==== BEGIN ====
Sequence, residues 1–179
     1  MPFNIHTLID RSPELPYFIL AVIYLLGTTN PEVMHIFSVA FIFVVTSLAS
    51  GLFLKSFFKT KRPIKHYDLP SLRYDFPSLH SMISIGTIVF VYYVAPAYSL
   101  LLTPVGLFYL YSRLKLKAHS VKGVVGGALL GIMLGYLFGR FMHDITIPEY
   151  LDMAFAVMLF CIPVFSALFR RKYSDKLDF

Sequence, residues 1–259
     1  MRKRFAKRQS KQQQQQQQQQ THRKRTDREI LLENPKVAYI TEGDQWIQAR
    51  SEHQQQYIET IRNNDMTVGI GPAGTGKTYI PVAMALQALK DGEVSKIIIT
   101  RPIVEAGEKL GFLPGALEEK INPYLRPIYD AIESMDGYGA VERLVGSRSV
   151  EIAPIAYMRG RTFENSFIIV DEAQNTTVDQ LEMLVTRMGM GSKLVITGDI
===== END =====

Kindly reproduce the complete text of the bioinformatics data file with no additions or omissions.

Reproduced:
Sequence, residues 1–179
     1  MPFNIHTLID RSPELPYFIL AVIYLLGTTN PEVMHIFSVA FIFVVTSLAS
    51  GLFLKSFFKT KRPIKHYDLP SLRYDFPSLH SMISIGTIVF VYYVAPAYSL
   101  LLTPVGLFYL YSRLKLKAHS VKGVVGGALL GIMLGYLFGR FMHDITIPEY
   151  LDMAFAVMLF CIPVFSALFR RKYSDKLDF

Sequence, residues 1–259
     1  MRKRFAKRQS KQQQQQQQQQ THRKRTDREI LLENPKVAYI TEGDQWIQAR
    51  SEHQQQYIET IRNNDMTVGI GPAGTGKTYI PVAMALQALK DGEVSKIIIT
   101  RPIVEAGEKL GFLPGALEEK INPYLRPIYD AIESMDGYGA VERLVGSRSV
   151  EIAPIAYMRG RTFENSFIIV DEAQNTTVDQ LEMLVTRMGM GSKLVITGDI